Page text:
Approximately three-quarters of U.S. internet households own at least one smart TV, according to the Kagan first-quarter 2022 U.S. Consumer Insights survey. However, the ability to access online digital entertainment directly from a smart TV has had virtually no effect on consumer TV viewing behavior, according to the survey data.
* Survey data shows that smart TV owners watch slightly more online video, but otherwise their TV viewing behavior is nearly identical to that of non-smart TV households.
* The average U.S. internet household owns and operates 2.5 TVs. Average smart TV ownership is 1.2 devices per household.
* Samsung Electronics Co. Ltd. is by far the most popular brand of smart TV in the U.S. among surveyed internet adults.
* Among households owning only smart TVs, 67% own one or more streaming media devices, and households typically own different brands of smart TV.
Smart TVs are defined as televisions with an integrated TV application platform that permits access to online digital entertainment and related content directly from the device. Smart TVs encompass both high-definition, or HDTVs, as well as 4K TVs and 8K TVs. Nearly all TVs currently sold in the U.S. are smart TVs.
A comparison between smart TV and non-smart TV households reveals that both groups watch an average of over four hours of TV programming per day. Among households without a smart TV, 60% reported watching primarily or mostly live, linear TV compared to 52% for adults owning a smart TV. But owning a smart TV does not appear to promote substantially more online video viewing. One-third of adults who own a smart TV (33%) and those that do not (31%) cite watching mostly or primarily VOD content. The survey data also shows that subscription video on demand represents 45% of daily video viewing among smart TV owners; essentially the same as those without a smart TV (42%).
Historical survey data illustrates the rise in smart TV ownership in the U.S., expanding 8 percentage points over the past two years to 74%. Approximately nine out of 10 (88%) of those owning a smart TV reported accessing online digital entertainment from the device over the past month. The survey data also shows that the average number of TVs per internet household in the U.S. dipped slightly from 2.8 TVs per household in 2021 to 2.5 TVs in 2022, a result of declining ownership of traditional HDTVs, or non-smart TVs, and older standard-definition TVs.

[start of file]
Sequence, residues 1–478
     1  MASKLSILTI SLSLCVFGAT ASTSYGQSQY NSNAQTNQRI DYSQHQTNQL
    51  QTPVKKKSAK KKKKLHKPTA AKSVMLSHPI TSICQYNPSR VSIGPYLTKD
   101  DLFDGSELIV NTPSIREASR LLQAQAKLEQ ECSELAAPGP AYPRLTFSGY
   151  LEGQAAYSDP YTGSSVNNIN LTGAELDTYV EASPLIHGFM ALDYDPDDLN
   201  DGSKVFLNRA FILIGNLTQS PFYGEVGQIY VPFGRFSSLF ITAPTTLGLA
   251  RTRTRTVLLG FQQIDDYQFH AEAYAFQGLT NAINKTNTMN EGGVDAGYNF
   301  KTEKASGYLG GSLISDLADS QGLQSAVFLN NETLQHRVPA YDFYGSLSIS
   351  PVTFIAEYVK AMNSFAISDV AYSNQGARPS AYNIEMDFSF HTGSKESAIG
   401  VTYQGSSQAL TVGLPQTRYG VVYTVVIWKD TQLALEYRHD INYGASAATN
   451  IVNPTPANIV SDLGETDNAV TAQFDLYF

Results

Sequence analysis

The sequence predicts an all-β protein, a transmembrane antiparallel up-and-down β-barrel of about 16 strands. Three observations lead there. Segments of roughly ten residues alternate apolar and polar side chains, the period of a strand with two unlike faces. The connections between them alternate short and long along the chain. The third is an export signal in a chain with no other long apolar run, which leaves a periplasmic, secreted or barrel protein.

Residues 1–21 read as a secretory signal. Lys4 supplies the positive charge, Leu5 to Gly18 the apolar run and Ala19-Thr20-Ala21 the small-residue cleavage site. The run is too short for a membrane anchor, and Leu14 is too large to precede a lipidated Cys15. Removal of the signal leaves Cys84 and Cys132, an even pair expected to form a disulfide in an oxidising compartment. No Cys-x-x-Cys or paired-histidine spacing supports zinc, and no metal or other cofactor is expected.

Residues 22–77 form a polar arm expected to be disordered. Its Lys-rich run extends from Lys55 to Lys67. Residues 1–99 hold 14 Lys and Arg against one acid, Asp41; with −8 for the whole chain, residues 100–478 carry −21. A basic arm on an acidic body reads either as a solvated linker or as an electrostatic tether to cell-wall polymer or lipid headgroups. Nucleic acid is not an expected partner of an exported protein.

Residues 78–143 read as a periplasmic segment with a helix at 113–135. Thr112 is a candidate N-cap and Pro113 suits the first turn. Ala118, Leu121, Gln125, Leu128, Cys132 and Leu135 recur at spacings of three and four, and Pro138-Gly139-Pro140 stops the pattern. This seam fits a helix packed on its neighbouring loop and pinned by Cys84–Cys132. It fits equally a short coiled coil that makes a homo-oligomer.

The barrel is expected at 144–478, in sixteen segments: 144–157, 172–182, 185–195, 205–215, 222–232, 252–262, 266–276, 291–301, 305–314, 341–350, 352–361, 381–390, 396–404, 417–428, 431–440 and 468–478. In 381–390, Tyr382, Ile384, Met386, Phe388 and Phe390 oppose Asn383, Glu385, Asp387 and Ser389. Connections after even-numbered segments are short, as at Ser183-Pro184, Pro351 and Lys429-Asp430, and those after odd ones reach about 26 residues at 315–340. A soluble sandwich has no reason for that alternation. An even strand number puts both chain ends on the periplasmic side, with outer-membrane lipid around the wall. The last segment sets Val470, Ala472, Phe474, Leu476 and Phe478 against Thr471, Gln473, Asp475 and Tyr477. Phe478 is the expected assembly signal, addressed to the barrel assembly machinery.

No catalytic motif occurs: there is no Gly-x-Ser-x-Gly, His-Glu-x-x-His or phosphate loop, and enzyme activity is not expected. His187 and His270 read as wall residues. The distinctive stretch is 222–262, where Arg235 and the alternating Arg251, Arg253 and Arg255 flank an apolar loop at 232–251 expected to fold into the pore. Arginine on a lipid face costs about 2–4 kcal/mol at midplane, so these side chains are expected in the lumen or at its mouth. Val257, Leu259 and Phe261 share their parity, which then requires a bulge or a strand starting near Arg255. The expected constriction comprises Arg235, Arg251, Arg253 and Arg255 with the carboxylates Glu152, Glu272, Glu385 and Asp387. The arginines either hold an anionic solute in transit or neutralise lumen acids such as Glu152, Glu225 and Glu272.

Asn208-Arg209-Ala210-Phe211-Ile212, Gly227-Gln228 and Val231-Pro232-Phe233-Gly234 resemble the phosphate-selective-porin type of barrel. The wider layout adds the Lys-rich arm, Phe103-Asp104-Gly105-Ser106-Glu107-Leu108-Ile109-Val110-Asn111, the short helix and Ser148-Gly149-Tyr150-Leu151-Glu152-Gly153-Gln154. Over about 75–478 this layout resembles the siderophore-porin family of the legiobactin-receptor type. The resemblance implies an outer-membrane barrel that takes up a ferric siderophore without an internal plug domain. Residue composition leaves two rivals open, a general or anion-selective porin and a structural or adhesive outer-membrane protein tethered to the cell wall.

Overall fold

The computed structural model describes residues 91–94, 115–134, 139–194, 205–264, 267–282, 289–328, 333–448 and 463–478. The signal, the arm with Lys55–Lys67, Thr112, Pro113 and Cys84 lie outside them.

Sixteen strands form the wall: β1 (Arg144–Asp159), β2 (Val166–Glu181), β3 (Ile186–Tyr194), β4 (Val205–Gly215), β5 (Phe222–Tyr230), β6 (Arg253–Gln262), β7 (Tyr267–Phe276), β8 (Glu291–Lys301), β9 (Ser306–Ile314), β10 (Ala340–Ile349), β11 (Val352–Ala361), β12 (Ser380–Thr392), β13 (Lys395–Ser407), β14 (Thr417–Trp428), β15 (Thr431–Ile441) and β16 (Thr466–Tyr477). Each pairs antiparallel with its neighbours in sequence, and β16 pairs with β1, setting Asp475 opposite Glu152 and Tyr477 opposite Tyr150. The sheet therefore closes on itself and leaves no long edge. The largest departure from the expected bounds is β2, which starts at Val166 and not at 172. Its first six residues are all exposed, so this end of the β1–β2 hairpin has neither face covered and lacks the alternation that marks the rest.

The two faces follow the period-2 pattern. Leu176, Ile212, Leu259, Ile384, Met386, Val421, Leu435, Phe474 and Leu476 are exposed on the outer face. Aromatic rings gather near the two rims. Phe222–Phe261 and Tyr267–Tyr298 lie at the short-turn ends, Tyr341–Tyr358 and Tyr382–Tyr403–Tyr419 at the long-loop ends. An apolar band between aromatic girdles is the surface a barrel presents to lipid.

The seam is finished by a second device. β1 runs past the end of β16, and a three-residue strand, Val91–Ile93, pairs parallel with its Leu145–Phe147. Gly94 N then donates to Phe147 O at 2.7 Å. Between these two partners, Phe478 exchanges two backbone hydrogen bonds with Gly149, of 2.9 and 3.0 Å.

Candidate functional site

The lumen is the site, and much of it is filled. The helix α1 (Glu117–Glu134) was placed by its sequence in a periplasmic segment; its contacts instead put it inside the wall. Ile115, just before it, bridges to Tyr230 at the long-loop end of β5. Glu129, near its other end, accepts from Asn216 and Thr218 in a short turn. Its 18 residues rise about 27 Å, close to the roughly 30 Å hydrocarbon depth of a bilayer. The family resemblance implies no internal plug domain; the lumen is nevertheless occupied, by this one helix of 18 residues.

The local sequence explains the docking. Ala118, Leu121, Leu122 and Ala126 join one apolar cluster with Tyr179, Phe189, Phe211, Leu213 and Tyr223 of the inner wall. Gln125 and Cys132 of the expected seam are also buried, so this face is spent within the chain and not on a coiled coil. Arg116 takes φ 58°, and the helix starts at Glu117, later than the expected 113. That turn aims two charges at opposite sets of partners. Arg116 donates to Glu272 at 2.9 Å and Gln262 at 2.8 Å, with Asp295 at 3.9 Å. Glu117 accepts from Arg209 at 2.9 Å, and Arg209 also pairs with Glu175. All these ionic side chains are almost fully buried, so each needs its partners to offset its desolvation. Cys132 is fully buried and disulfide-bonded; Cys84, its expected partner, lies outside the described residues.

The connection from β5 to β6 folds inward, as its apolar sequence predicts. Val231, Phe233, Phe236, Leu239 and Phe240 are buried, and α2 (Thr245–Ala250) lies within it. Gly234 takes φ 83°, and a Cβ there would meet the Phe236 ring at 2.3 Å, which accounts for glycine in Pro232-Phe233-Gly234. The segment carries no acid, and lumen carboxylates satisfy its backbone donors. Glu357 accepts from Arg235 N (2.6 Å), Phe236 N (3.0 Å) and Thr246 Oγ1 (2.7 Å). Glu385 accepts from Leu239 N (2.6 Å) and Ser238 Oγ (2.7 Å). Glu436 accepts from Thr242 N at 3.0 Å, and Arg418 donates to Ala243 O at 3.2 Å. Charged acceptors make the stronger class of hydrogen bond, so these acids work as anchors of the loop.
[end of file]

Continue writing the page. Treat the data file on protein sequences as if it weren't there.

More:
As of early 2022, U.S. internet households own an average of 1.2 smart TVs, according to the survey data. Nearly half (45%) of internet households own one smart TV, and another 29% own multiple smart TVs. Among surveyed internet adults owning a smart TV, 41% reported owning at least one Samsung Electronics Co. Ltd. smart TV. Vizio and LG Electronics Inc. were distant competitors, with 19% and 18% of U.S. smart TV households owning these brands, respectively. TCL Technology Group Corp. and Sony Group Corp. top the long tail of smart TV competitors with ownership shares of 11% or less.
The use of streaming media devices, such as Roku Inc.'s Roku and Amazon.com Inc.'s Amazon Fire, in association with smart TVs appears to be extensive. Two-thirds (67%) of U.S. households that only own smart TVs report using streaming media players, as well. One possible explanation is that the majority (63%) of households operating multiple smart TVs own smart TVs of different brands. Streaming media devices offer an inexpensive means of providing a standardized user interface for accessing online content across any brand of smart TV.
Data presented in this article was collected from Kagan's Q1'22 U.S. Consumer Insights survey conducted in March 2022. The survey totaled 2,519 internet adults with a margin of error of +/- 1.9 percentage points at the 95% confidence level. Percentages are rounded to the nearest whole number.
Consumer Insights is a regular feature from Kagan, a media research group within S&P Global Market Intelligence's TMT offering, providing exclusive research and commentary.
This article was published by S&P Global Market Intelligence and not by S&P Global Ratings, which is a separately managed division of S&P Global.